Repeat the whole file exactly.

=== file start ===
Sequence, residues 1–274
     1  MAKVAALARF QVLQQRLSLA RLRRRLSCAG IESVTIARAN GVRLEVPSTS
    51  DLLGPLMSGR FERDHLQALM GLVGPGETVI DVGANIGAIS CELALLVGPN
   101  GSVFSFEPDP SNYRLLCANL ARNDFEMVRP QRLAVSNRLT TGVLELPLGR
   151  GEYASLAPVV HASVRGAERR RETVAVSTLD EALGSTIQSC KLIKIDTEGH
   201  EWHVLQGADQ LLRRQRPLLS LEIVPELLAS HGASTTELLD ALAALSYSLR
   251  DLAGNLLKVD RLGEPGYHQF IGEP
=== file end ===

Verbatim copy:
Sequence, residues 1–274
     1  MAKVAALARF QVLQQRLSLA RLRRRLSCAG IESVTIARAN GVRLEVPSTS
    51  DLLGPLMSGR FERDHLQALM GLVGPGETVI DVGANIGAIS CELALLVGPN
   101  GSVFSFEPDP SNYRLLCANL ARNDFEMVRP QRLAVSNRLT TGVLELPLGR
   151  GEYASLAPVV HASVRGAERR RETVAVSTLD EALGSTIQSC KLIKIDTEGH
   201  EWHVLQGADQ LLRRQRPLLS LEIVPELLAS HGASTTELLD ALAALSYSLR
   251  DLAGNLLKVD RLGEPGYHQF IGEP